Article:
Perusing the Justice Department website this evening after a day in which jargon and manipulative chaos of verbiage was a focus I stumbled across something interesting.
The Interpol Police Agency has a list of partner agencies that provide an ongoing sort of “student exchange” program to keep tactics and training fresh and integrated. I like that an international agency has itself under the umbrella of our Justice Department. What stood out is the listing for Federal Reserve Board.
The firs oddity is the acronym – OIG. Doesn’t roll out of “Federal Reserve Board” very easily. I wouldn’t naturally associate the Fed with a policing agency either. Here’s the text of the site:
“The Office of the Inspector General (OIG) of the Board of Governors of the Federal Reserve System (Board) and the Consumer Financial Protection Bureau (CFPB) is an independent and objective oversight authority established under the Inspector General Act of 1978, as amended. The OIG’s mission is to provide independent oversight by conducting audits, investigations and other reviews of the programs and operations of the Board and the CFPB.”
So OIG really stands for the Office of the Inspector General. It has oversight of a non-governmental organization. Nothing weird there. Unless you consider that the Federal Reserve is a third-party oversight to the government too. One reason that’s important is so that a government cannot “weaponize” its money supply with unreasonable valuation to harm foreign countries – which in turn would harm domestic entities and citizens. It’s also a credibility gate for foreign exchanges.
The structure then is of a third-party organization of integrity that has oversight of and limits the federal government’s handling of domestic currency valuation while at the same time enduring audits, investigations and reviews by the federal government. The plot thickens when you consider that the Secretary of the Treasury has the responsibility to oversee the calculations of foreign currency yet Congress is the entity that has the power to set that valuation domestically.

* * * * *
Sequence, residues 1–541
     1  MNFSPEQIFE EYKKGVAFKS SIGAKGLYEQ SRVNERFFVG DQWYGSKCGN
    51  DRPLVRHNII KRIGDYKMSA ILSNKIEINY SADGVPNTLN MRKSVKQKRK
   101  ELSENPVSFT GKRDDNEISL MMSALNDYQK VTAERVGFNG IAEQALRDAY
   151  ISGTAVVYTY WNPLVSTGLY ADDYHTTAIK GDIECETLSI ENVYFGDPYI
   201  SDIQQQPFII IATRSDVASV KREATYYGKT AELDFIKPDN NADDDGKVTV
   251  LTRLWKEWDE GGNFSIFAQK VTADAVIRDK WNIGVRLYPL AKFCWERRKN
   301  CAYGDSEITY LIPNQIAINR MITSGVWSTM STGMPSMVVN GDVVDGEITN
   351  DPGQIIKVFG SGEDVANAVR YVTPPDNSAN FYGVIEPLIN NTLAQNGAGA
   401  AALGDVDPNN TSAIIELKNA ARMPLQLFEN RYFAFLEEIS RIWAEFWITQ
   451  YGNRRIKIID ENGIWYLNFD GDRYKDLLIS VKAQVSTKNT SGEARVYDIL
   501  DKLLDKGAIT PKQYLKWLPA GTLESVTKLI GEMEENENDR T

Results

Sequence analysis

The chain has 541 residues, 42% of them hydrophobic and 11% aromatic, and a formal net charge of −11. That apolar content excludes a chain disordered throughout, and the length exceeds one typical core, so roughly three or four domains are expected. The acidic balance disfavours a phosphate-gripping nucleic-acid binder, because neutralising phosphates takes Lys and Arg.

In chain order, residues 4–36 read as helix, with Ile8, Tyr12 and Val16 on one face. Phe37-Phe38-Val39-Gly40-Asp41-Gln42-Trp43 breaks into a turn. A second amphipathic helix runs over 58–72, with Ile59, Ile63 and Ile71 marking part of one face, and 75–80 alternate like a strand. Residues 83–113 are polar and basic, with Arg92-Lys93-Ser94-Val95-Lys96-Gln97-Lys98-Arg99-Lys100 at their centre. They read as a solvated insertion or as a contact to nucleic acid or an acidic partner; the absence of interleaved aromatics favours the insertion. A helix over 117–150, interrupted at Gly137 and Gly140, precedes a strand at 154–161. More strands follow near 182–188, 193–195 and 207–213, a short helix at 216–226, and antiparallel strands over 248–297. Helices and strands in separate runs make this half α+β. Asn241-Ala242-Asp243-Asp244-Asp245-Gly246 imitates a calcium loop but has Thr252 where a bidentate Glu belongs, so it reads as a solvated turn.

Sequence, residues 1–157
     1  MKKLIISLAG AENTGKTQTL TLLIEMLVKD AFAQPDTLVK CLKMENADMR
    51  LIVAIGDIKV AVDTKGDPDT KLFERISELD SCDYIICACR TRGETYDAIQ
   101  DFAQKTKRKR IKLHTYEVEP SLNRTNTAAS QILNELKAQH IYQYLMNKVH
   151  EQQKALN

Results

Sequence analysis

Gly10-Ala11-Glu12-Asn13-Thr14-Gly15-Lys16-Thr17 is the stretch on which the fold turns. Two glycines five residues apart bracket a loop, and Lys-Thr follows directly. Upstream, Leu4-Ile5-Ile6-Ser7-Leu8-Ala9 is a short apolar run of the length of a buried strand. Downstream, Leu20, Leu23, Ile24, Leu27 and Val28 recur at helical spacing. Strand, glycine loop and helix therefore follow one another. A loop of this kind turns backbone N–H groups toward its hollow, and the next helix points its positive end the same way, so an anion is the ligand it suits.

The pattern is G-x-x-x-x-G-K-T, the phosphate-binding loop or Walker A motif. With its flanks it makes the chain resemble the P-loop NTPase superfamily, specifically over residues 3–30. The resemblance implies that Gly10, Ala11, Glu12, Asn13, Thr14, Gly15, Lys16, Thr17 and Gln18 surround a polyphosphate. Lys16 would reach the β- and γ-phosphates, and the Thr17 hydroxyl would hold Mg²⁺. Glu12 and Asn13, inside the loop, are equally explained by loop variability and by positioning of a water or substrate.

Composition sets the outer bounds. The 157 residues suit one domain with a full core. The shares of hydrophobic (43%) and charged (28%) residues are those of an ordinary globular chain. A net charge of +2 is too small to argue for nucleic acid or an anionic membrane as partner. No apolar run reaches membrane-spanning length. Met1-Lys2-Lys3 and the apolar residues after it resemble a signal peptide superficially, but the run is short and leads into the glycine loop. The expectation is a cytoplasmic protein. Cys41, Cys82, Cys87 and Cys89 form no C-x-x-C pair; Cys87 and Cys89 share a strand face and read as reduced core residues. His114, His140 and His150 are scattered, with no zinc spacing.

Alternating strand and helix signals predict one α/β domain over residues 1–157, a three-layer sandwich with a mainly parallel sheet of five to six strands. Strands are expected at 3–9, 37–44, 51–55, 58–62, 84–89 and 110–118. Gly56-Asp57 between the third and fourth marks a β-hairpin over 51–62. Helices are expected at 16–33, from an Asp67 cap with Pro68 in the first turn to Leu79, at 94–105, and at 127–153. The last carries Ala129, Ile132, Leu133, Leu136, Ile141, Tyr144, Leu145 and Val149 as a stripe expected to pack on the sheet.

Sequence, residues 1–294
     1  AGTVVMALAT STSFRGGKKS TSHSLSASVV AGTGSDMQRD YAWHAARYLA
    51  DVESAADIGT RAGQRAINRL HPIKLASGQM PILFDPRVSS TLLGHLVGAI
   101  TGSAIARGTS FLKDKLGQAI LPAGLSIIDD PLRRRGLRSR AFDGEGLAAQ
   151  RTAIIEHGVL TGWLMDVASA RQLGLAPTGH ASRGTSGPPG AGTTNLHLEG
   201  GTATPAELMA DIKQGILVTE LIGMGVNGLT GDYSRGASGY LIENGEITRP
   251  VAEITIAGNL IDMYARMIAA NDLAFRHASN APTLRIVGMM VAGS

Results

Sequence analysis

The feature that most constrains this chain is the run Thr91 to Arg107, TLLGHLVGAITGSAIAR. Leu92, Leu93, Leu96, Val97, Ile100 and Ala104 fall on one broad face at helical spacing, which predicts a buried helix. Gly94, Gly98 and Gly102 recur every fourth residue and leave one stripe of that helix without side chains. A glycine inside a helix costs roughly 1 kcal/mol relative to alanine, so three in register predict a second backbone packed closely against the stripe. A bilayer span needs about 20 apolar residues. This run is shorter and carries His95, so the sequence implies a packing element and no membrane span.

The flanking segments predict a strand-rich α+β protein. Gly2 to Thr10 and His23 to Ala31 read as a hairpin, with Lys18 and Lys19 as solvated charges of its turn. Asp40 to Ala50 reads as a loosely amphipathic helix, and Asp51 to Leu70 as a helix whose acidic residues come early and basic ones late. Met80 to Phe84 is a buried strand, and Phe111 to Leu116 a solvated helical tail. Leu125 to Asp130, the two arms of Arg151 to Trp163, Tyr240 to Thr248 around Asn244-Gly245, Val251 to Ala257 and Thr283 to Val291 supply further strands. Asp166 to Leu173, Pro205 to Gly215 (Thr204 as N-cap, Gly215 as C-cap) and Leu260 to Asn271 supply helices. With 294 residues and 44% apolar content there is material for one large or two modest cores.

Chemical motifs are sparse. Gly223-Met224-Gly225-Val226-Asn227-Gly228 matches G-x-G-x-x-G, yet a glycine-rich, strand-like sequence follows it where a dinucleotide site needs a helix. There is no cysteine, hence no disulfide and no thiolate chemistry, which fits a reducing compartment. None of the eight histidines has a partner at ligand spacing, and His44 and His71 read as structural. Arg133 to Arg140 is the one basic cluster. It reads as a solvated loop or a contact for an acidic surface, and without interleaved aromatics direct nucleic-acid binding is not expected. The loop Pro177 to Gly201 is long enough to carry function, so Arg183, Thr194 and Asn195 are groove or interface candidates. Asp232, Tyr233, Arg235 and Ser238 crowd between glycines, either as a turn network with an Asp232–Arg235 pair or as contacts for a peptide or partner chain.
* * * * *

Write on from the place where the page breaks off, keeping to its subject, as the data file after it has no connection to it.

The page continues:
The Federal Reserve, therefore, while having the ostensible responsibility for stability in our monetary system and in banking is really nothing more than domestic banking* integrity that has the TV-presence of monetary stability before Congress that the Treasury Secretary avoids in the foreign currency arena. Yet at a moment in history when foreign value relativity is at least as important as domestic interest rates – why is there no TV time for the Treasury secretary like the Fed chairman receives? Aren’t Treasury secretaries generally minted in the Fed anyway?
Food for thought as I sit here counting my stamps like our Congress. I suggest that a new perspective on currency coupled with a more rational flow of responsibility and accountability will lead to more consistent, worthwhile outcomes in Congress, in our economy and in our lives as citizens.